The Five Dysfunctions of a Team

Much has been written about building high performance teams, but few books capture the essence of the task as well as this one.  Patrick Lencioni has written other best selling business books, but The Five Dysfunctions of a Team is his best. This is a “must read” book for any good manager who wants to be a great leader.

Written in an easy-to-read and clearly understandable style, the book is in two parts. The first is a leadership fable told from the perspective of a young corporate CEO charged with turning around a dysfunctional leadership team.  The story is engaging and conveys the gist of Lencioni’s points in a painless, enjoyable format.  The second part is a non-fiction review of the points learned in the fable.

As someone who has spent many years helping to build peak performing teams – from the inside as a leader and from the outside as a strategic advisor to leaders – I can honestly say this is the best book I’ve read on the issue. Lencioni captures the essence of the most common challenges with a “wish I’d said that” kind of clarity.

Lencioni’s key points are those that good leaders have made over the years. Nothing really new. However, his style of presentation is what makes this a great book.

By talking about dysfunctions, rather than key attributes, he is able to spin the situation around and present ideas in a recognizable format. Let’s face it.  Most leaders who are looking for advice on teambuilding – and most teams who are interested in self-improvement – are far more likely to recognize in their own experience and behaviours things they’re doing wrong more than things they’re doing right. It also makes the story much more interesting to read, and that’s important.  If you don’t read it, you won’t learn it.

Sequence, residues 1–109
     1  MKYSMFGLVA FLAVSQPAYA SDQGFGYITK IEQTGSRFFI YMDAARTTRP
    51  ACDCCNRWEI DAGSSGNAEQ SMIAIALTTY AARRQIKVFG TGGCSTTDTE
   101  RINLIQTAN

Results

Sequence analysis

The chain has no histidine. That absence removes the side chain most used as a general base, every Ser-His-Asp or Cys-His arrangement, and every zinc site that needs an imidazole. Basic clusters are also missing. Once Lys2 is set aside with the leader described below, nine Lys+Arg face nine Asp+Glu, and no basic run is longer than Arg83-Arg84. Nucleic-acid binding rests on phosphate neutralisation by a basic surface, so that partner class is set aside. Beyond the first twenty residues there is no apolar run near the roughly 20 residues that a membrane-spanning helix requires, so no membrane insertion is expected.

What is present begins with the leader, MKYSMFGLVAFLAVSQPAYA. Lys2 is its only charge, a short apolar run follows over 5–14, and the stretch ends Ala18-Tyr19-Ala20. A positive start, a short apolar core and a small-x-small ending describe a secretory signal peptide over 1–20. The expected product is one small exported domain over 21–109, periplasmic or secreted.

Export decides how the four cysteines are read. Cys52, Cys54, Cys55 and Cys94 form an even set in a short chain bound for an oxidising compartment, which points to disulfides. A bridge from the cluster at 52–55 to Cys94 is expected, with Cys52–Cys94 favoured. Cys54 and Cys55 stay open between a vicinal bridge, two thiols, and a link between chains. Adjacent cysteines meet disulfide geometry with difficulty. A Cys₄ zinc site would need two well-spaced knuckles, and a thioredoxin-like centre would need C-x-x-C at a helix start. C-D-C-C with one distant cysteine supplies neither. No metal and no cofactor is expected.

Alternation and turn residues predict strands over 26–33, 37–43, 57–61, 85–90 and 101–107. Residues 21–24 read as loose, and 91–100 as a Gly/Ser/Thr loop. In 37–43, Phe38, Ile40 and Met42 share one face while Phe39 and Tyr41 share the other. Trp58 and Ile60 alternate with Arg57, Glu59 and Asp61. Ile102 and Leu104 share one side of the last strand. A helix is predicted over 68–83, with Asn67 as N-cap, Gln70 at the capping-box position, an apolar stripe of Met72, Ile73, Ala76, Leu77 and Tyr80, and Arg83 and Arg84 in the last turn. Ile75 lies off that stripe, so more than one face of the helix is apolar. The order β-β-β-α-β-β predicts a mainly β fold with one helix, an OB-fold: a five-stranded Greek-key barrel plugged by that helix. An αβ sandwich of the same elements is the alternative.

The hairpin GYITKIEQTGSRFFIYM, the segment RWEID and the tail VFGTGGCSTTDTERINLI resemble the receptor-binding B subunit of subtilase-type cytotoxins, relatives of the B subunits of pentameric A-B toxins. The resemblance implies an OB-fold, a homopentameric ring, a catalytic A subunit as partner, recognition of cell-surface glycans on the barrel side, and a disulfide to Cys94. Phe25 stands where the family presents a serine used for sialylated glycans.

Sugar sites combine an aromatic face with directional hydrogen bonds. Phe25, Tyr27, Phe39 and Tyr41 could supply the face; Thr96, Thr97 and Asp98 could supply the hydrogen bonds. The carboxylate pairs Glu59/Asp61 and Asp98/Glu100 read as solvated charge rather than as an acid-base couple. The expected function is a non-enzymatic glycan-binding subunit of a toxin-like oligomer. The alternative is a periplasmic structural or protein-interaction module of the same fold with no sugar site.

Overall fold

My guess is that most people who pick up the book will find it enjoyable enough to read that few will abandon it half-way.

Lencioni’s five dysfunctions are:

  • Absence of Trust
  • Fear of Conflict
  • Lack of Commitment
  • Avoidance of Accountability
  • Inattention to Results

Exploring just one of these a bit further: Absence of Trust highlights the fact that great teams trust each other enough to expose personal weaknesses and vulnerabilities. When there is trust within a team, team members admit their weaknesses and feel comfortable asking for help. This enables the team to capitalize on its members’ strengths rather than being continually sand-bagged by the hidden weaknesses.

A Must Read

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